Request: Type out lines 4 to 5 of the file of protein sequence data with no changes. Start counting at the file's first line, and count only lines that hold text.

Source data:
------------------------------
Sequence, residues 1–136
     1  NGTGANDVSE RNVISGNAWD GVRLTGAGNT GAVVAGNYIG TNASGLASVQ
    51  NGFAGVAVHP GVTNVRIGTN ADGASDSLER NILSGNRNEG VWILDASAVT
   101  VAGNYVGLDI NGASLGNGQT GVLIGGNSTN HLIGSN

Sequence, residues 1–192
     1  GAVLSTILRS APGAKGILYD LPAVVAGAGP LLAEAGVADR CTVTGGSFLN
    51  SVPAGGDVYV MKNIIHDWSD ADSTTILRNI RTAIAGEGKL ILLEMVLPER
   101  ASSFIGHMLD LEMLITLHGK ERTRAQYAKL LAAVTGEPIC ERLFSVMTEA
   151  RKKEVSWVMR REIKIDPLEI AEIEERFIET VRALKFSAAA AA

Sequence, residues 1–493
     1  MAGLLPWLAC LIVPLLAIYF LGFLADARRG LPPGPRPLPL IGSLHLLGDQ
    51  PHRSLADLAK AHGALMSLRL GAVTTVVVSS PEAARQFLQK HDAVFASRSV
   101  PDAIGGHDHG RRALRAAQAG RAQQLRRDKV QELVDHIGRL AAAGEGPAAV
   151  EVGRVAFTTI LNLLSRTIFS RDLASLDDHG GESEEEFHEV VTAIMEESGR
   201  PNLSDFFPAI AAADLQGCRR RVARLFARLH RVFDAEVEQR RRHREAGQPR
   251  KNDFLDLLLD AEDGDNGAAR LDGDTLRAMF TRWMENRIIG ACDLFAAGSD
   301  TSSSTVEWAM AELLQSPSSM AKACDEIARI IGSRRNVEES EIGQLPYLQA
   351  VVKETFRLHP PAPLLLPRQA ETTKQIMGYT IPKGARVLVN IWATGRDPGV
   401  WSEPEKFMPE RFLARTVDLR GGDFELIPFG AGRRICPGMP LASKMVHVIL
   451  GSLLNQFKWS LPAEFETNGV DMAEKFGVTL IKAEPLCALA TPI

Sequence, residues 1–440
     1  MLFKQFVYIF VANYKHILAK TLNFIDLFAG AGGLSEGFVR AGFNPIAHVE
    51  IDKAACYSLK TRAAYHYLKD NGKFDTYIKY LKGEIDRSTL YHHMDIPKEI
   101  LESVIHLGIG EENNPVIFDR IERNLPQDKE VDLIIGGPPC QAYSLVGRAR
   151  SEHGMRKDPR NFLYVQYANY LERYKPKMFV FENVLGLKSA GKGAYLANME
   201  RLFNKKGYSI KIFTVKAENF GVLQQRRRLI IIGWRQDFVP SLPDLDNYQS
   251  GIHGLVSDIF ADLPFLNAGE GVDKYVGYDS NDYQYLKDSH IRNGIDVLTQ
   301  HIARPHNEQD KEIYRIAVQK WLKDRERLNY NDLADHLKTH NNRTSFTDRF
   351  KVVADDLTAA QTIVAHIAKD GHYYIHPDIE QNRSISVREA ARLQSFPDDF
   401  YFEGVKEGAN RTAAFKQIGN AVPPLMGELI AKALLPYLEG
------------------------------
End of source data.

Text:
   101  VAGNYVGLDI NGASLGNGQT GVLIGGNSTN HLIGSN

Sequence, residues 1–192